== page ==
More than one in five potential home-buyers borrow more than six times their income, the AFR reports. Treasurer Josh Frydenberg has told regulators they can start sketching a plan to see less high-debt home loans doled out. The problem is this: if interest rates jump, or if there is another surge in job loss, the housing market and the economy could face serious heat. But the clampdown would surely hurt prospective first-home buyers, who are walking into an already ballooned housing market that has far exceeded wage growth, as Business Insider reports.

And it’s not just a city problem: during the pandemic, regional home values have actually risen faster than in the cities, as The Australian ($) reports. NSW regional prices surged 21.1% last financial year compared to 15% in Sydney. Greg Jericho writes in Guardian Australia that, even though some are getting rich, the fact Australia’s household wealth is “utterly dependent upon land prices going up” is not a good thing. “That sound this week was of a generation locked out of the housing market letting out a howl of despair directed, quite rightly, towards those whose only good fortune in life was to be born earlier than they were”, he says.


Mantras: fruitless hocus pocus or a powerful tool to help you achieve your dreams? It’s hard to say — but they’ve definitely helped American Olympic silver-medallist Courtney Frerichs rise the ranks in steeplechase, an incredibly tricky obstacle course in athletics

Her first mantra, given to her by her college coach, was just four powerful words: “Expect nothing. Achieve everything”. Frerichs says it lit a fire in her and she repeated it over and over as she bolted her way through a qualifying final at 23. As she prepared for the world championships, she says another caught her eye: “Be fearless in the pursuit of what sets your soul on fire”. She thought about it constantly as she endured ruthless training sessions. In 2018, her coach kept repeating a simple instruction to her: “Let yourself run”. A poetry-advice hybrid, Frerichs says it allowed her to “relax and execute” her way through a Monaco competition.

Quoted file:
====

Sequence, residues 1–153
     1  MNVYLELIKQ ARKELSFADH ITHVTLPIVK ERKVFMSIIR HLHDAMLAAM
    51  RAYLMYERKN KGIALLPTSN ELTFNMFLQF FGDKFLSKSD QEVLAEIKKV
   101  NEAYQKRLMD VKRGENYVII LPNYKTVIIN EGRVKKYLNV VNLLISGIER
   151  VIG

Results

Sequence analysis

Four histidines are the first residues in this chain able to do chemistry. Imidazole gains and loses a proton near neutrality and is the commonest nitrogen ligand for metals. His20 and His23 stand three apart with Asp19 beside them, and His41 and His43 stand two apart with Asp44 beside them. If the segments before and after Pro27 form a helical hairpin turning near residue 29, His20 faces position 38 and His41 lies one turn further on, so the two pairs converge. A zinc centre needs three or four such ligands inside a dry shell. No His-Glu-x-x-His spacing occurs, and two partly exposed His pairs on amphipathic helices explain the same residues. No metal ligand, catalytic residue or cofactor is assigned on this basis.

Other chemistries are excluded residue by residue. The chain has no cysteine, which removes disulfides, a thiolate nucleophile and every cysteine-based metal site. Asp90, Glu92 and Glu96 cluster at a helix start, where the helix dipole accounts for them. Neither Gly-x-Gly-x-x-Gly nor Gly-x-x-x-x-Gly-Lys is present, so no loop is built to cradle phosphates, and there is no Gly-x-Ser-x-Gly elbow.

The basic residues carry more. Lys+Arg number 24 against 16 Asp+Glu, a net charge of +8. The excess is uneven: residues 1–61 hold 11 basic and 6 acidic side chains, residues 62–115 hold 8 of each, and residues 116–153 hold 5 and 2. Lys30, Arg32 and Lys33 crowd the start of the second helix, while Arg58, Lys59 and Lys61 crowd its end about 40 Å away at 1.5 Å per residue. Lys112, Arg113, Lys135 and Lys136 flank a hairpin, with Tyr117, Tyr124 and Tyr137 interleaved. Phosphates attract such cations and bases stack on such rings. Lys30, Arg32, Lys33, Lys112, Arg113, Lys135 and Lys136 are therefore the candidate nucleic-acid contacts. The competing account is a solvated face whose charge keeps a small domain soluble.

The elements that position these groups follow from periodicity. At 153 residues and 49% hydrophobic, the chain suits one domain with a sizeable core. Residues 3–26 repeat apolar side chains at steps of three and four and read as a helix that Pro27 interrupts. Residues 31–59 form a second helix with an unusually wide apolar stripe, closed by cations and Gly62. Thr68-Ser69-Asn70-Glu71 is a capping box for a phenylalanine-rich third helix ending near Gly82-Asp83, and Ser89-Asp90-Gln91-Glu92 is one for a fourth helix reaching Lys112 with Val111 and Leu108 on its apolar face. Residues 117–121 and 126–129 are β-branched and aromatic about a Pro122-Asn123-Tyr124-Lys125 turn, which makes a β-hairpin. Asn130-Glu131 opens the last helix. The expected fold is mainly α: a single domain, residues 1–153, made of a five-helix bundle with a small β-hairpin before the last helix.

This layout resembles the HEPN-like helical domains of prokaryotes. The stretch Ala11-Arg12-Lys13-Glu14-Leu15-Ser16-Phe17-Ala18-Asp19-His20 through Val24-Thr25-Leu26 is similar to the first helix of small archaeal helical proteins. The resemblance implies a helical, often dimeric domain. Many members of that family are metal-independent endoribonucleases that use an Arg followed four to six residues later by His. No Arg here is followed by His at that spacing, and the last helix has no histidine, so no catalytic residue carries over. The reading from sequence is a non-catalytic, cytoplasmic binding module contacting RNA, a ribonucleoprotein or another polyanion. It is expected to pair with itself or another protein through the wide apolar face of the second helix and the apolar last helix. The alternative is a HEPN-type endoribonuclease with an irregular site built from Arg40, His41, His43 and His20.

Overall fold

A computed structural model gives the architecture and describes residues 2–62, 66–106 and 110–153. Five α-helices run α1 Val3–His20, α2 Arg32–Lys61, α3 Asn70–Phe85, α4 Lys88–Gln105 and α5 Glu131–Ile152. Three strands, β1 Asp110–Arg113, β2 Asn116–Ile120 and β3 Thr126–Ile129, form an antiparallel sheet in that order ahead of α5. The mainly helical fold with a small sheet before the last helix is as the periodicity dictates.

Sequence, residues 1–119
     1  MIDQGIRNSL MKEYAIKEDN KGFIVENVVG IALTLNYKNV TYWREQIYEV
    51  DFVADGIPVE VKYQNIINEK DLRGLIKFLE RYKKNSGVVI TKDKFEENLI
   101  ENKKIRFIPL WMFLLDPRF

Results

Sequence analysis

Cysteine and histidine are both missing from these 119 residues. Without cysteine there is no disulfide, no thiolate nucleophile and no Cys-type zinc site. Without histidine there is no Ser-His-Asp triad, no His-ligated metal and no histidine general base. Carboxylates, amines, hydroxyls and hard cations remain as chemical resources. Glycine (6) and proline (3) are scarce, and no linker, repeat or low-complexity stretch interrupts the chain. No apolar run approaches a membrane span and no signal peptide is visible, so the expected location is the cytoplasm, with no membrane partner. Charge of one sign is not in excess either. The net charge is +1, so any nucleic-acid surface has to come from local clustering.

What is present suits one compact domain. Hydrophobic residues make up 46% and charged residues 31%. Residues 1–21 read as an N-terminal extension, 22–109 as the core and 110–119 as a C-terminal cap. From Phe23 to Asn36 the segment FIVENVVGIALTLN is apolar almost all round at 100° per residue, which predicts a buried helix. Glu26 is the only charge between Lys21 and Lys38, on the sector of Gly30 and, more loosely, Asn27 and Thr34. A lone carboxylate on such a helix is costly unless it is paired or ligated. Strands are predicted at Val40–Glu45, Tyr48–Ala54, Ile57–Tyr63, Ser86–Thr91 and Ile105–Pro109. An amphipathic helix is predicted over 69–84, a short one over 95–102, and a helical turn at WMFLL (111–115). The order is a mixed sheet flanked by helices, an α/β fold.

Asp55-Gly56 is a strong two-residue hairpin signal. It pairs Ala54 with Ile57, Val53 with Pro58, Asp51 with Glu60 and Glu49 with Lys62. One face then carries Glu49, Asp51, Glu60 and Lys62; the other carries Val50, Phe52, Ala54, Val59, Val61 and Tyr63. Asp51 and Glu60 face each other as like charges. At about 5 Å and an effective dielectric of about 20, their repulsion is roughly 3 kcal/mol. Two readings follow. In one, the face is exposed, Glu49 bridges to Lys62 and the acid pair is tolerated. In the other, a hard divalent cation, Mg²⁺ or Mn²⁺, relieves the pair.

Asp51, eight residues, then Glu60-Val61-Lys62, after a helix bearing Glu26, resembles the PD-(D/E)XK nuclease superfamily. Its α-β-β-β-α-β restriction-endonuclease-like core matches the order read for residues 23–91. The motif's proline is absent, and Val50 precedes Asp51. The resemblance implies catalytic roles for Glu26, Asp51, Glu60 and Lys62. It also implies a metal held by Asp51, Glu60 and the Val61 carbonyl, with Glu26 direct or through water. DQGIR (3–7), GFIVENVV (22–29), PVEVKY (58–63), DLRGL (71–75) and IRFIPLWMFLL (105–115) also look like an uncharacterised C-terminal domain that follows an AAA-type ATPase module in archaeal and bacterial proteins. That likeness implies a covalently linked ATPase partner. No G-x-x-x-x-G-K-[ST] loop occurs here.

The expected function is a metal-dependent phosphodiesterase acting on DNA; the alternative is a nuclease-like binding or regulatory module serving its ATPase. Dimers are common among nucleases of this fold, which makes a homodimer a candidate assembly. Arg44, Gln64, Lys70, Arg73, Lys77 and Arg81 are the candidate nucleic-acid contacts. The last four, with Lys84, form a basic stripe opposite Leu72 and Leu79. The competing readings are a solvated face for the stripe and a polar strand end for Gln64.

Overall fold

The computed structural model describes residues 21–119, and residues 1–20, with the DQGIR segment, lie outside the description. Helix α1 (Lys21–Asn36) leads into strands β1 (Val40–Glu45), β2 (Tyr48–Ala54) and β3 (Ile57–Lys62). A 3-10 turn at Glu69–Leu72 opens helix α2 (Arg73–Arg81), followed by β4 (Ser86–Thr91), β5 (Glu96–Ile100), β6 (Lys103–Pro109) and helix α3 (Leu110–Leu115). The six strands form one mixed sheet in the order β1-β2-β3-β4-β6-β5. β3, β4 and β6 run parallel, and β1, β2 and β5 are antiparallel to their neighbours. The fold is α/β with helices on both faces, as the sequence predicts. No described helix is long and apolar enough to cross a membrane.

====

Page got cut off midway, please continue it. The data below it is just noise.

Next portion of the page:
After encountering injuries and pandemic setbacks, Frerichs worked with a psychologist on her next mantra. They settled on one powerful word: “belong”. Belonging in the race, belonging in her career, belonging in her life.

Hope you feel a little belonging today, too.


It’s another trip overseas … and I’ve spent a lot of time in quarantine. I have to focus on things here and with COVID. Australia will be opening up around that time. There will be a lot of issues to manage and I have to manage those competing demands.

Scott Morrison

In a development that beggars belief, the prime minister of Australia — the leader of the world’s largest carbon polluting country per capita — hasn’t yet decided whether he’ll turn up to the United Nations Climate Change Conference in Glasgow. The summit is considered the most significant meeting on climate change since the signing of the Paris Agreement.


CIA’s Assange abduction/murder plan raises questions for Australian government